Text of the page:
Blog > Music Therapy, the Harp, and the Brain

Music Therapy, the Harp, and the Brain

Published on January 23, 2023

“Music is the medicine of the mind” — John A. Logan

Think of a time when you listened to music and it influenced the way you felt and your emotions. Did you feel uplifted and calm or more alert and energetic? For hundreds of years, music has had the ability to impact our emotional regulation, cognition, and movement. With increasingly sophisticated neuroimaging techniques, we are now able to understand more human responses to music, and how music therapy can help heal the human body.

Music Therapy

Music therapy interfaces with neuroscience on multiple levels and can have a profound impact on diverse clinical populations. We are drawn towards music as something audibly pleasant. On a molecular level, music activates our dopamine reward system—the same system involved in eating, sex, and drug use. There are a host of brain regions implicated in musical activities (Figure 1) that have been summarized using over twenty years of music neuroscience studies (Sarkamo et al, 2013). Thus, there are specific brain regions highly selective to music.

Music Therapy: Brain regions associated with music response


Figure 1. Schematic representation of key brain regions associated with music processing-based neuroimaging studies of healthy subjects.

We want to feature here one of our Precisionary Scientific Sales Consultants, Stephanie Tudino! Many of our customers have worked directly with Stephanie. In her spare time, Stephanie plays the harp (Figure 2), an enchanting instrument that is actually used in vibroacoustic harp therapy (VAHT) for pain management and healing in clinical settings including hospitals, nursing homes, and hospices. As a therapeutic instrument, the harp’s sound can synchronize to a patient’s physiological rhythm, and paired with its aesthetically pleasing form, helps to provide distraction and relief from anxiety and pain. Controlled studies have shown that live, bedside harp music is beneficial in reducing pain, stabilizing vital signs, and inducing deeper sleep (Figure 3).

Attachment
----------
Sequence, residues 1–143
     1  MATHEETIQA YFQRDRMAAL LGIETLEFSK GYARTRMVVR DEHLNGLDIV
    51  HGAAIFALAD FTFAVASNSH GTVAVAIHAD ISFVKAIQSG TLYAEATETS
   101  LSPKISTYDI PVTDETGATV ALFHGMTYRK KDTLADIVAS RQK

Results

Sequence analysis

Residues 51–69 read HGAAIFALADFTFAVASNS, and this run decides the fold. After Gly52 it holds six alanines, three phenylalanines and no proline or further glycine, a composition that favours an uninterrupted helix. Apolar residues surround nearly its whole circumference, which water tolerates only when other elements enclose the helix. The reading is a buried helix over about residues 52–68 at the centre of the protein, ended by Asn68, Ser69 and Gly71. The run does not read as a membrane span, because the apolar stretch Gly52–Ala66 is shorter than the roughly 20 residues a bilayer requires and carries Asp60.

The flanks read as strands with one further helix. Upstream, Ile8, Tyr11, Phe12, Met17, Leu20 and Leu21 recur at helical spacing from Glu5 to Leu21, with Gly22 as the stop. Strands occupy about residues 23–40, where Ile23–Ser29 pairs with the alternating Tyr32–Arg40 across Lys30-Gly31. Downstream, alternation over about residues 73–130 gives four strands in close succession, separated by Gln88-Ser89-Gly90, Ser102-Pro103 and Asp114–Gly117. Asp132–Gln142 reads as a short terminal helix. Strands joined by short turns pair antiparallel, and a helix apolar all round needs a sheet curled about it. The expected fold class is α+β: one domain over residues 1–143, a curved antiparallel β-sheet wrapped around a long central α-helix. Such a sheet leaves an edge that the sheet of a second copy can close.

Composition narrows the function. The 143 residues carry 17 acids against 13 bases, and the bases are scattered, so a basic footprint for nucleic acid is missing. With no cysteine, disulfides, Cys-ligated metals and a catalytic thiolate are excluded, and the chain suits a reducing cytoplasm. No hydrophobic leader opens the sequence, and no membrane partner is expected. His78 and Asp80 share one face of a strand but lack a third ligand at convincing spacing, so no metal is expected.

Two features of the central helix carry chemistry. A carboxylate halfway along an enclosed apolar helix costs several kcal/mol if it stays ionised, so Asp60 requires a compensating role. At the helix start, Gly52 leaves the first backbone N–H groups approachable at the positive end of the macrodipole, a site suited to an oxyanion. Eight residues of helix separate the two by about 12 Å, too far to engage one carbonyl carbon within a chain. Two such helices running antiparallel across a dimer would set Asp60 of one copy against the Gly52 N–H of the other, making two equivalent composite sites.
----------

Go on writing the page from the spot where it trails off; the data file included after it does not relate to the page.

Music Therapy: Stephanie Tudino with her harp


Figure 2. Stephanie Tudino, Scientific Sales Consultant at Precisionary Instruments, with her harp.

Music Therapy: Benefits of VAHT


Figure 3. Table summarizing the potential benefits of vibroacoustic harp therapy (VAHT).

While there is ongoing research for music therapy and neuroscience, as well as therapeutic harp music and the healing process, there is no doubt that music plays some sort of role on the human body.


  1. Koelsch S. A neuroscientific perspective on music therapy. Disorders and Plasticity: Ann. N. Y. Acad. Sci. 2009;1169:374-384.
  2. Aragon D, Farris C, Byers J. The effects of harp music in vascular and thoracic surgical patients. Altern Ther Health Med. 2002;8(5):52-60.
  3. Briggs T. Live harp music reduces anxiety of patients hospitalized with cancer. Harp Ther J. 2003;8(4):1,4,15.
  4. Sand-Jecklin K, Emerson H. The impact of a live therapeutic music intervention on patients’ experience of pain, anxiety, and muscle tension. Holist Nurs Pract. 2010;24(1):7-15.
  5. Williams S. Harp beat affects heartbeat. Harp Ther J. 2006;11(1):1,12.
  6. Staneslow S. Live music lulls newborns and slows heart rates. Harp Ther J. 2006;11(1):14-16.
  7. McKee S. Gentle musings: assessing effects of live harp music upon patients, family and friends, and staff at Massachusetts General Hospital’s Cancer Center. Harp Ther J. 2004;9(3):1,4-6,12-13,15.

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